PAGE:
Turkey Frame Soup
- Ready In:
- 2hrs 45mins
- 1 turkey carcass, broken, with meat on it
- 4 bay leaves
- 4 whole cloves
- 2 garlic cloves, peeled and split
- 16 sprigs fresh parsley (or 1 tablespoon dry parsley)
- 12 peppercorns
- 1 teaspoon thyme
- 6 large carrots, cut into half-inch rounds
- 6 large celery ribs, chopped
- 6 medium turnips or 6 medium beets, scraped and chopped
- Combine the turkey carcass and the bouquet garni in 16 cups of water in a stock pot. Bring to a boil, reduce heat to a simmer, cover, and simmer for 90 minutes or until meats falls off the bones.
- Remove carcass and remove any meat from it. Discard bones and reserve meat.
- Let broth cool. Once cooled, strain broth and discard spices. Refrigerate broth and turkey meat overnight.
- Scrape any fat that has solidified on the surface of the broth.
- Add the vegetables to the broth, and simmer, covered, for 45 minutes, or until the vegetables are tender.
- Season soup to taste with salt and pepper.
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RECIPE SUBMITTED BY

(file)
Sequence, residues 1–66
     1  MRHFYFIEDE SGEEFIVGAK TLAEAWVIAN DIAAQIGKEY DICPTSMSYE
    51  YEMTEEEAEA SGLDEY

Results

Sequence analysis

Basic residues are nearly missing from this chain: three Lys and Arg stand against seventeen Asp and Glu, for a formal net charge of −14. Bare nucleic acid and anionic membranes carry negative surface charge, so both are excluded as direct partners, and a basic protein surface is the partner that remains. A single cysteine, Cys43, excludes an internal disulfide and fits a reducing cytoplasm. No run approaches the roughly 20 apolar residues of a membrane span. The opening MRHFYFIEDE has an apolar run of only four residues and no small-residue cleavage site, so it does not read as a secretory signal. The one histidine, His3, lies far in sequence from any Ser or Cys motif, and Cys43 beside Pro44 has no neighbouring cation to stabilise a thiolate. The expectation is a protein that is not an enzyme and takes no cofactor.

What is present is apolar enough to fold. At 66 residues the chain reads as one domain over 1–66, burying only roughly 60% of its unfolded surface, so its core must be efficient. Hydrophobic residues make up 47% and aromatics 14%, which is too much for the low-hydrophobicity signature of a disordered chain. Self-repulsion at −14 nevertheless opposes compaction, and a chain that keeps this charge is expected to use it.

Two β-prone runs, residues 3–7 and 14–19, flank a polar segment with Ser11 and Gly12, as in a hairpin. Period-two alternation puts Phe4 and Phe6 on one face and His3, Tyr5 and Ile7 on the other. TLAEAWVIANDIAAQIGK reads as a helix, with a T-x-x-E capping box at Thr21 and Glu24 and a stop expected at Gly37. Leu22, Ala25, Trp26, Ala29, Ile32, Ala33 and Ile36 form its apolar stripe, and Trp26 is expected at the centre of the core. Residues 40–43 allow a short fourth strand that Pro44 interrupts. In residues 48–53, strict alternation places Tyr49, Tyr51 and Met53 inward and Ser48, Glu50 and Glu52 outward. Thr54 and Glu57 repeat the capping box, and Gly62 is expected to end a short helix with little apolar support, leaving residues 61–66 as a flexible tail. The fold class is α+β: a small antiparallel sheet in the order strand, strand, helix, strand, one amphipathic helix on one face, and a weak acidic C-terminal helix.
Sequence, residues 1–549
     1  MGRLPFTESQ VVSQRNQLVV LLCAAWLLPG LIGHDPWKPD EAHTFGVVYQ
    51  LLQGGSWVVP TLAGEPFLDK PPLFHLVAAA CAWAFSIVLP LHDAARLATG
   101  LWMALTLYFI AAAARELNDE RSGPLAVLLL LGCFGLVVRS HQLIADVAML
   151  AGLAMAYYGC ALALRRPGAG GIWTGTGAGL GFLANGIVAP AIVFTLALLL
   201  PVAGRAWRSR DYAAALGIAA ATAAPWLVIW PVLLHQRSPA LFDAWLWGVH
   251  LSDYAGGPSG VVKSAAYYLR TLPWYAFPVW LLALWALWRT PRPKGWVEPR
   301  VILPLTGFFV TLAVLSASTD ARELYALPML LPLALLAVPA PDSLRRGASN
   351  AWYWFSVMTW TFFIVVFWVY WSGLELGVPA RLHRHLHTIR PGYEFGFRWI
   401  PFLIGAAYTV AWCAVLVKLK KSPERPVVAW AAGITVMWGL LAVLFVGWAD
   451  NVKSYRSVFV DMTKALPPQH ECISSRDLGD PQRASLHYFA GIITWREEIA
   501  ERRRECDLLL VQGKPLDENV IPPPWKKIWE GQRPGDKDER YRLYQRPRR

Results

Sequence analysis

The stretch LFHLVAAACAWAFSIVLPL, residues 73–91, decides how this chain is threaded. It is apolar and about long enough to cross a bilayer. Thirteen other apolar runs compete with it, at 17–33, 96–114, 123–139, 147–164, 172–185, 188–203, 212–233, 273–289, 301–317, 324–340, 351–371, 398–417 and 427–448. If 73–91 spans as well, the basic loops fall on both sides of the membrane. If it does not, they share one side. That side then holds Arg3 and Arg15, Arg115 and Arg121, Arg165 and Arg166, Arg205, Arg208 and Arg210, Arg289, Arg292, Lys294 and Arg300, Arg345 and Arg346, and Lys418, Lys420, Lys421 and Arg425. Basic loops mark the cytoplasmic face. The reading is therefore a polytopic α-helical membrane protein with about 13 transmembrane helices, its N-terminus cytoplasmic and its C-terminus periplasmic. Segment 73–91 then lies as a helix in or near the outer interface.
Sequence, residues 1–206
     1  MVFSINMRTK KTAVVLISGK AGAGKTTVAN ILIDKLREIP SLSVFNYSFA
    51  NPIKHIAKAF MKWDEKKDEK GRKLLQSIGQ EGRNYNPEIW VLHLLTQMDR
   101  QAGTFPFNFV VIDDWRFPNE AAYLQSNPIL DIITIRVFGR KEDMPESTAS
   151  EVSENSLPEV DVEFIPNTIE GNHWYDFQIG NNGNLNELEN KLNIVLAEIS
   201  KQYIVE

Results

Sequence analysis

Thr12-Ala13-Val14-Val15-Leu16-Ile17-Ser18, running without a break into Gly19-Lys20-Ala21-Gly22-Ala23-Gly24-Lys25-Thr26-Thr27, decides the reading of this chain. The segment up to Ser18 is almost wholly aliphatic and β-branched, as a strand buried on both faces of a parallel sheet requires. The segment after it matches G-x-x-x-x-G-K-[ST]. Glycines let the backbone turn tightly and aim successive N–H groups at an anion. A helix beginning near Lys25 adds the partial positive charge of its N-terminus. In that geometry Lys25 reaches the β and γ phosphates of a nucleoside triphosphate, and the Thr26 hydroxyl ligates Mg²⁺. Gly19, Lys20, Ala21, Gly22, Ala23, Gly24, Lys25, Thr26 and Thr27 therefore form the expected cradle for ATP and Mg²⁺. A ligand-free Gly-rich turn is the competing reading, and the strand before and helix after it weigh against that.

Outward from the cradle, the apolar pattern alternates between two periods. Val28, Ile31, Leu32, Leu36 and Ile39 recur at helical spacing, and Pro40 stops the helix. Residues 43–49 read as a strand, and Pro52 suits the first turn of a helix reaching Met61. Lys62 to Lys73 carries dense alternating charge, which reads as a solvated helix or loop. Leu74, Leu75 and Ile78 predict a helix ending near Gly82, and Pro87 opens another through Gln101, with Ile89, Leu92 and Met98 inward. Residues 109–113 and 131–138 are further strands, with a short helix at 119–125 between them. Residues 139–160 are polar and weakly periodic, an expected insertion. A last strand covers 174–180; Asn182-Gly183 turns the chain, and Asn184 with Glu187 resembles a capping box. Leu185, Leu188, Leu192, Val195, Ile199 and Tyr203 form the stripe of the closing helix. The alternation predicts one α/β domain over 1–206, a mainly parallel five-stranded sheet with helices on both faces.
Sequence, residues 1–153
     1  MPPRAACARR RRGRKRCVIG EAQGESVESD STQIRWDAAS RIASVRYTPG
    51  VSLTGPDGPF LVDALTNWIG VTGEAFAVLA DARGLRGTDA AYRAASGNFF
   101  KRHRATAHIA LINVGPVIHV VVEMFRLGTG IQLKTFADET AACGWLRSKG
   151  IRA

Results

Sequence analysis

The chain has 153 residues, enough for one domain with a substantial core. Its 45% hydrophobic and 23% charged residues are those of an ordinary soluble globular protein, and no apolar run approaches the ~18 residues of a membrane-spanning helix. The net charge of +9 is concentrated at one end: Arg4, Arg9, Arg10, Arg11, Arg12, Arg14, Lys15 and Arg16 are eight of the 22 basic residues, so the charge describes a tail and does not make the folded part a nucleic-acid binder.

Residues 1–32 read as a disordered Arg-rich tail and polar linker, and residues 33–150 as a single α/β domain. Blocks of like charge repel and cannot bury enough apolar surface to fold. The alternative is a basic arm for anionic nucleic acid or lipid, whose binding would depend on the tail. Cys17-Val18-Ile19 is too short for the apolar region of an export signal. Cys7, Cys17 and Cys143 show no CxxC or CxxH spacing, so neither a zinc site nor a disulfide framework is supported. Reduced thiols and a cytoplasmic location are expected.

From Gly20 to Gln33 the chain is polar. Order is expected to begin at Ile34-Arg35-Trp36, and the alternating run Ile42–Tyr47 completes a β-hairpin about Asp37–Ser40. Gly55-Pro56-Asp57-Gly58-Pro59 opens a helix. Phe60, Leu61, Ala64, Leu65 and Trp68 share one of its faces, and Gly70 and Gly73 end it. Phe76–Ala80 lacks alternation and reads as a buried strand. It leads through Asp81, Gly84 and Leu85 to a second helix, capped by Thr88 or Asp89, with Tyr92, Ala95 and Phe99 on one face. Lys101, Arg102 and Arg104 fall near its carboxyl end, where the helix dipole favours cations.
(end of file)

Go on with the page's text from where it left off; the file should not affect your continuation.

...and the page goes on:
<p>I like to cook.</p> <p>Surprise. Who'd have expected that on a cooking website? </p> <p>Cooking, like any art, is about joy and self-expression. When you make something that others enjoy, and they get it, you feel a connection with them. When you create something new, you're filled with a sense of accomplishment. If you're not joyful, then you're not doing it right. Follow your passion, and it will always lead you in the right direction. </p> <p>The term chef isn't really accurate when applied to me. I never went to the Cordon Bleu nor studied at C.I.A. I'm someone who cooks as a hobbiest. If it tastes good, I eat it. If it's bad, it goes in the garbage. </p> <p>I am a fan of the older cookbooks by James Beard and Robert C. Ackart, and I have to admit that their influence has been very formative of my tastes. It is my fond hope that by posting some recipes from their excellent books that their dishes will continue to be of interest to fellow cooks in the future, both young and old, rather than perishing in obscurity. I like a satisfying casserole more than anything, hand-made loaves of freshly baked bread, cooking with wines and liqueurs, but I am also very fond of elegant desserts, and some of my very favorites appear here on this website. </p> <p>Slowly, as I make them, I will add photographs of the dishes since a picture is worth a thousand words. I want to apologize in advance for the quality of the photos, however, as I'm not a gifted photographer, and many of the dishes will appear unappetizing, but they are actually very good. </p> <p>Here are some of my favorite cookbooks that I have drawn a great deal of guidance and inspiration from over the years, and I sincerely hope that others will find copies of these older but substantial books through venues like Ebay, Half.com and Amazon and get as much satisfaction from them as I have. The recipes that I post from these books have been improved upon with my own ideas, so as not to violate any copyrights. </p> <p>Ackart, Robert. <span>Cooking in a Casserole</span>. </p> <p>Ackart, Robert. <span>The One-Dish Cookbook</span>. </p> <p>Ackart, Robert. <span>A Celebration of Soups</span>. </p> <p>Beard, James. <span>The New James Beard</span>. </p> <p>Beard, James. <span>Beard on Bread</span>. </p> <p>Ruhlman, Michael. <span>Ratio</span>. </p> <p><span>Cook's Illustrated Cookbook</span>. </p> <p> </p> <p>I hope that some of these recipes find their way into your stomach and your heart. </p> <p>Enjoy. </p>